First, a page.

The TSA’s website has a form called a notification certificate you can fill out and take along to let security staffers know about your condition. Joining the TSA pre-check program can help security checks go more smoothly, too. At the airport, you can ask a TSA officer to call a passenger support specialist — this is a person trained to help you through the screening process.

Health Issues You Need to Watch For

Because of the stress that CP puts on your body, you have to be on guard moving through adulthood. Doctors and therapists can help you watch for and deal with things like:

  • Pain (especially in the hips, knees, ankles, and back)
  • Arthritis
  • Post-impairment syndrome (a mixture of pain, tiredness and weakness caused by things like muscle problems and stress from repeated motions)
  • Depression(The emotional support you get from others makes a difference.)

Going to Work

Working is an option for people with CP, depending on their condition. You have allies in their quest to develop their skills and find jobs:

  • Local branches of United Cerebral Palsy (UCP) offer classes and help with job searches. You can search for your local branch on UCP’s website.
  • Centers for independent living across the United States also help people explore their possibilities. The Independent Living Research Utilization program has a guide to locations on its website.
  • The CareerOneStop website can help you think about your capabilities and track down whatever education or opportunities you need.

When you start job-hunting, remember that the Americans with Disabilities Act forbids an employer to discriminate against an applicant or worker because of their condition. The law also requires employers to allow for a worker’s disability when reasonable. For instance, if a job requires you to stand, you might use a tall stool if it helps you do the task.

If you need help making ends meet, check out Social Security’s Supplemental Security Income program. People with disabilities can use this money for food, housing and clothes.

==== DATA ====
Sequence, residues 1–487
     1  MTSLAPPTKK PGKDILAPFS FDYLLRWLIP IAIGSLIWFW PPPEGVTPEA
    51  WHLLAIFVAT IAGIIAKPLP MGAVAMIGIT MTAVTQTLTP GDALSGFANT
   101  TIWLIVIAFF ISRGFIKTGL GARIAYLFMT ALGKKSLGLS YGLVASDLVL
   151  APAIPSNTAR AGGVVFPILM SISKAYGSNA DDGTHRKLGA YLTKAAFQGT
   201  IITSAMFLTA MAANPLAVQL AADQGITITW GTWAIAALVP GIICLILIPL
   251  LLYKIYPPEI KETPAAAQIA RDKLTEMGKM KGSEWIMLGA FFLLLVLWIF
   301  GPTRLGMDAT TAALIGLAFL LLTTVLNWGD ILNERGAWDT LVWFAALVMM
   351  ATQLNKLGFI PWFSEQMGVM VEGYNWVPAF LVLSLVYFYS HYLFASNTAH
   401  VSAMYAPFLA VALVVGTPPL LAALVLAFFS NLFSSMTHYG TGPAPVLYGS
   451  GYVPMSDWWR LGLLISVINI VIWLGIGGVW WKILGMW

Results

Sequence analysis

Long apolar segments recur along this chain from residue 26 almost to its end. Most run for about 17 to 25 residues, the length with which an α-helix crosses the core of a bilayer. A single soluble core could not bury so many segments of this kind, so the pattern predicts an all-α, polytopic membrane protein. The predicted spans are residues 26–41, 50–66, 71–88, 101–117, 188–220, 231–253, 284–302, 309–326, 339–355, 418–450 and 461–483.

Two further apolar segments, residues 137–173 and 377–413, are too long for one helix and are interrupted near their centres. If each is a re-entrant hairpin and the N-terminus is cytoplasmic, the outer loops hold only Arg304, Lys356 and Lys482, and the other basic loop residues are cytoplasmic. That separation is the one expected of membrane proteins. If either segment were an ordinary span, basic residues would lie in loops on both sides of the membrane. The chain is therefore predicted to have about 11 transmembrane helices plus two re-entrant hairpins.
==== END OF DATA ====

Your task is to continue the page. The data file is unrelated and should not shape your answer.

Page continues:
Everyone wants to enjoy life, and assistive equipment plays a role here, too. Gadgets such as book-holders and automatic page-turners make it easier to read. Lightweight, nimble wheelchairs make it possible to play basketball and other sports. As technology advances, the possibilities will continue to grow.

Show Sources


The Association for Driver Rehabilitation Specialists: “Driver Rehabilitation Provider.” “Workers with Disabilities.”

Cerebral Palsy Foundation: “Adults with CP.”

Christopher & Dana Reeve Foundation: “Cars and Driving.”

Easterseals: “How to Find and Use Accessible Transportation in Your Community.”

Equal Employment Opportunity Commission: “Job Applicants and the Americans with Disabilities Act.”

National Institute of Child Health and Human Development (National Institutes of Health): “Rehabilitative and Assistive Technology.”

RESNA Catalyst Project: “List of State Programs,” “List of Financial Loan Programs.”

Social Security Administration: “What is Supplemental Security Income?” (U.S. Department of Transportation): “New Horizons.”

Transportation Security Administration: “Disabilities and Medical Conditions,” “Passenger Support.”

United Cerebral Palsy: “Assistive Technology,” “UCP Affiliate.”

U.S. Department of Housing and Urban Development: “Disability Rights in Housing.”

© 2021 WebMD, LLC. All rights reserved. View privacy policy and trust info

search close